My last two years on board USS Aylwin DE1081 Knox class destroyer. THIS BEING A BRAND NEW SHIP WE SPENT MOST OF THE TIME BETWEEN NORFOLK AND GUANTANAMO ON SHAKEDOWN AND ASW TRAINING.
BY THE WAY ALL THOSE KNOX DESTROYERS (AT LEAST 50 OR MORE) have been decomisioned and transferred to either Turkey, Thailand, or Taiwan. Do I feel old, they were all built in the mid-late 60's, brand new at the time, now obsolete and gone.
Veterans and Guns welcomes Carmando to our growing ranks today.
(Ranks? Nah! Change that to social group, ranks zounds way-too much
like the dayZ when "Fall-In Ranks!" started the day @ oh-dark-thirty with
an hour of some maniacal physical training!).
He is USAF (Ret) and hailing from Oregon, a very nice state I've visited many times.
I hope you enjoy the group and post sometimes when you see a thread
you have input on. :rap: Welcome and get to know the Vets who post here.
Got "out of country" Spc. 5 came state side and finished active duty in '72' and got out and did a stretch in the Army National Guard and made Staff Sgt. That brand of army was not for me and left in '74' never to return to duty.:sarcastic:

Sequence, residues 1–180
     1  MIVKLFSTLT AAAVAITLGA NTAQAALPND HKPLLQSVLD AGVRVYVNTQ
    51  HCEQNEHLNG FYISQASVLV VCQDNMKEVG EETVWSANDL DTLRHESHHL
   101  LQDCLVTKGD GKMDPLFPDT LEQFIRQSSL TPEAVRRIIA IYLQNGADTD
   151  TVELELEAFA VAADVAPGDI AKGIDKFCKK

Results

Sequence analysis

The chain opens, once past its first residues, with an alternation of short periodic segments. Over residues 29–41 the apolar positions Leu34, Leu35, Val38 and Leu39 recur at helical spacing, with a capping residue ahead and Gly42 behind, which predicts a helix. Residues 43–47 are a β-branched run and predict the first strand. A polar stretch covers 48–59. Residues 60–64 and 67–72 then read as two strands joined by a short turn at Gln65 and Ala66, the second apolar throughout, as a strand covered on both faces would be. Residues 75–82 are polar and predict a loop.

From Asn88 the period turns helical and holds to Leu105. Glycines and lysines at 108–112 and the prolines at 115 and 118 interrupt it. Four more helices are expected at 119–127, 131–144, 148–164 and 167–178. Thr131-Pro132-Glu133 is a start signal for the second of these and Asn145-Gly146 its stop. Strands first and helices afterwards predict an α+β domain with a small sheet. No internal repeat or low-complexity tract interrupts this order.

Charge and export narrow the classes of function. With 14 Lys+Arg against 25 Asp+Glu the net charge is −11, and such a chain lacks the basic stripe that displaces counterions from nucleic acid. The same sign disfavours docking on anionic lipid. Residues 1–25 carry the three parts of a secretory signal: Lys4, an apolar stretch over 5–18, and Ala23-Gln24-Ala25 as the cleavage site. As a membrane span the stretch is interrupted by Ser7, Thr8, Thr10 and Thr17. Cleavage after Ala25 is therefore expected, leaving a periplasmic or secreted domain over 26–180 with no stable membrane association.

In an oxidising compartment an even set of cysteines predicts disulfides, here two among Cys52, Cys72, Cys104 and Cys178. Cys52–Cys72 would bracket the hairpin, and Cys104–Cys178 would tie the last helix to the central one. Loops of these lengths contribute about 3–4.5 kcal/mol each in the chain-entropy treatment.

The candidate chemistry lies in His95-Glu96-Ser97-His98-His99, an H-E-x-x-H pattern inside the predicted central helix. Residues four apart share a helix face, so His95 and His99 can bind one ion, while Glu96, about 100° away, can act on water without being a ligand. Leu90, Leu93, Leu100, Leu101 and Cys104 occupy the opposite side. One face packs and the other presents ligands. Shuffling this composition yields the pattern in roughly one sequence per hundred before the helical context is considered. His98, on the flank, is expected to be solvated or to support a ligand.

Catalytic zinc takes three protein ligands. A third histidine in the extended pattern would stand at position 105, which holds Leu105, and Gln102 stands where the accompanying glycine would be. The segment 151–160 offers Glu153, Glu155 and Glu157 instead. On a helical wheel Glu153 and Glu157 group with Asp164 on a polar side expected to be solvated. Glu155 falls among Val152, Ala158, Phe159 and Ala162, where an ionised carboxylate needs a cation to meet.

Here's one for you PaulIcemanMc Spec-5! I made buck-sgt/E-5 right after Spec-4 & finishing BNCOC at Ft. Lewis with the 9th I.D. Then I PCS-ed to a new duty station in Hawaii (Aloha, NOT, I ran right into the toughest unit I ever served in), within a month I'd sassed out my Plt-Sgt SFC Fletcher Minniefield a super-racist Anglo-hating Afro-American Combat Medic who left the best part of his brains back in Saigon, so he converted (busted/with same pay but no leadership required or given) me back to Spec-5 a rank I never had B 4, assigned me to the Scout Platoon as their only medic thinking that fitting punishment, he gave me exactly what I wanted a chance to shine with E-5 pay and no subordinate medics to police-up, these 40 11B/C's maniacs lived down-range and most had gone way beyond feral, taught me enough skills to be a Ranger (most of 'em were ex-SF/Rangers) but kept me VERY busy patching them up, the infanrty 1-SGT of that platoon (CSS Co Top) put me in for boo-coup medals and sung my praises to the BN CSM, who made my (butt-wipe, always smelled of day old Jack Daniels) PLT-SGT give me back my 3 stripes, buck-SGT again, BFD, then told him to "lay off me" and I made the cut-off ponits for SSG soon after, ended up his (still hated & still sassing him) evac-squad leader (Gamma-Goats/FLA's) and I stayed down-range/deployed, came back one day and no mo SFC 'Jack Daniels', fired for being drunk on duty, so as a brand new 24 y/o E-6 I took over as the 'platoon daddy' for the whole medical platoon (45 91B medics) HHC, 1st Bn, 35th Inf (L) 'Cacti', 2nd 'Warrior' Bde, 25th I.D.(L) and I could do no wrong (that they ever could nail me on that is!). Soon after that Spec-5, 6 & 7 was d/x-ed as a rank. Shame as it was a good way to give more money & rank to a soldier who had more tech skills than leadership ones, very vital left to their own specialty. Just an old light-fighter story to bounce off you from a much younger time in my life when running with the 'wolf-pack' was easy-fun stuff.